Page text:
skip to Main Content

HOW TO FIGHT CLIMATE CHANGE WITH YOUR GROCERY LIST

HOW TO FIGHT CLIMATE CHANGE WITH YOUR GROCERY LIST

ACT NOW, IDIOTS!

The Intergovernmental Panel on Climate Change (IPCC), a group of leading scientists around the world, recently came out with a frightening message: our global population is causing rapid warming to our planet leading us on a trajectory to ‘climate catastrophe’  if we do not change our behaviour immediately. Said in other words by Kaisa Kosonen from Greenpeace, “Scientists might want to write in capital letters, ‘ACT NOW, IDIOTS,’ but they need to say that with facts…” (1).

We’ve heard this doomsday message for years now, but unfortunately the lack of responsive action from big business and politicians has also remained the same. So if our global leaders won’t step up to the plate and make changes that are necessary to keep this planet livable for our children, we can. Let’s look at the main takeaways from this report and discover what we can do as individuals to make a real difference.

 


 

The Take-Aways

The report highlights that in order to save vital ecosystems and species, global temperature rise needs to remain under 1.5°C. We are currently headed towards 3°C of warming. Yikes.

There were four major areas that are identified as the most critical in terms of becoming more sustainable. Dr. Debra Roberts, the IPCC’s co-chair, added that within these four areas “lifestyle changes can make a big difference” (1). These four areas are:

  • Energy systems (ie. Renewable energy)
  • Land management (ie. Agricultural practices)
  • Cities (ie. Transportation)
  • Industry (ie. Resource use)

With this in mind, it begs the question of whether there is a lifestyle change that would impact all four of these areas? The answer is yes, and it starts with our grocery list:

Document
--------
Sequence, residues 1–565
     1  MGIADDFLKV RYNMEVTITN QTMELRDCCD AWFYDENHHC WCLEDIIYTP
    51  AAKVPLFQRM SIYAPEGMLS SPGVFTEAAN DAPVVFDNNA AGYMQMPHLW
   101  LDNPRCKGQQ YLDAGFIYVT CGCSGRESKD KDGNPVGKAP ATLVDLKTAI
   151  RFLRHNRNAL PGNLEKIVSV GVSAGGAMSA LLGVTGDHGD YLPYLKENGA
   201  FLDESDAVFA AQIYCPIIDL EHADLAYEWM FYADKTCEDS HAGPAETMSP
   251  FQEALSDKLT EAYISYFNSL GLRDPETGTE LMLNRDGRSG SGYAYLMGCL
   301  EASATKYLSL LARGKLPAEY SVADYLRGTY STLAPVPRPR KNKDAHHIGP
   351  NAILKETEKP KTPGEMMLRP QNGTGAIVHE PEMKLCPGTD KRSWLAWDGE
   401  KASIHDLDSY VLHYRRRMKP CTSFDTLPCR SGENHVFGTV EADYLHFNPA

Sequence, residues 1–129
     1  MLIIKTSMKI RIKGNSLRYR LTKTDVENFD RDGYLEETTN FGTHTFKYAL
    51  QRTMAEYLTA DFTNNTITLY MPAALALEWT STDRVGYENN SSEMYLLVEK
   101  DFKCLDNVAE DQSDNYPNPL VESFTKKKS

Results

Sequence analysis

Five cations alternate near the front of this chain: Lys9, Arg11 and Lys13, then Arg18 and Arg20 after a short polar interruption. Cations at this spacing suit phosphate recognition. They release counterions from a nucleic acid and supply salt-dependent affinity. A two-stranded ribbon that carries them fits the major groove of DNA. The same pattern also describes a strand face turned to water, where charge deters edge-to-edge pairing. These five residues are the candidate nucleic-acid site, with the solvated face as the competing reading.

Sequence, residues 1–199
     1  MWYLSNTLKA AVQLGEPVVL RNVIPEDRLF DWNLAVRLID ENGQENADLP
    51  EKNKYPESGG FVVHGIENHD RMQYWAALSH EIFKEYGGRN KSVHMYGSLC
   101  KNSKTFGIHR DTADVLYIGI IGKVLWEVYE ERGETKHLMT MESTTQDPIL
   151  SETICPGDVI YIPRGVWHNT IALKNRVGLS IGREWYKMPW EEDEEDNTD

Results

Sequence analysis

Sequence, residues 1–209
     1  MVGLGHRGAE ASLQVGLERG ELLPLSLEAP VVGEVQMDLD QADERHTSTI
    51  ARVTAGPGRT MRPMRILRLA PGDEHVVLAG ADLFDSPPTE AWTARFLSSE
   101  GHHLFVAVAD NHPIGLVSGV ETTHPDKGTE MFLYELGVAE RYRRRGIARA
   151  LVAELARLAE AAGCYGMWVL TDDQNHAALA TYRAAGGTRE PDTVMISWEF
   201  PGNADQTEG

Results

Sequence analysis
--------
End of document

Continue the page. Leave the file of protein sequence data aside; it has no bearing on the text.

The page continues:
1) Buy Local

When you buy food that is grown close to home you make a positive impact to people and planet. Between 6-12% of consumer dollars is spent on the transportation of food from farm to fork (2). These “food miles” account for about 11% of total energy used in the food system (3). Therefore, the less distance your food travels, the more your money goes toward your local community as well as a less energy intensive food system.

 

2) Eat Less Meat

The topic of meat consumption can be very divisive, but even just reducing your meat intake can have a major impact on land management. Raising livestock at current consumption levels requires a lot of land, which means clearing forests to create pastures. New research shows that without the consumption of meat and animal by-products, land used for agriculture could be reduced by 75% (4). This means less deforestation and more habitats saved. In direct relation to climate change, animal agriculture creates almost one fifth of all greenhouse gas emissions (5). That is more than what is produced from all vehicles, trains, boats and planes combined! (5)

 

 

 

3) It’s Time Your Groceries Start Carpooling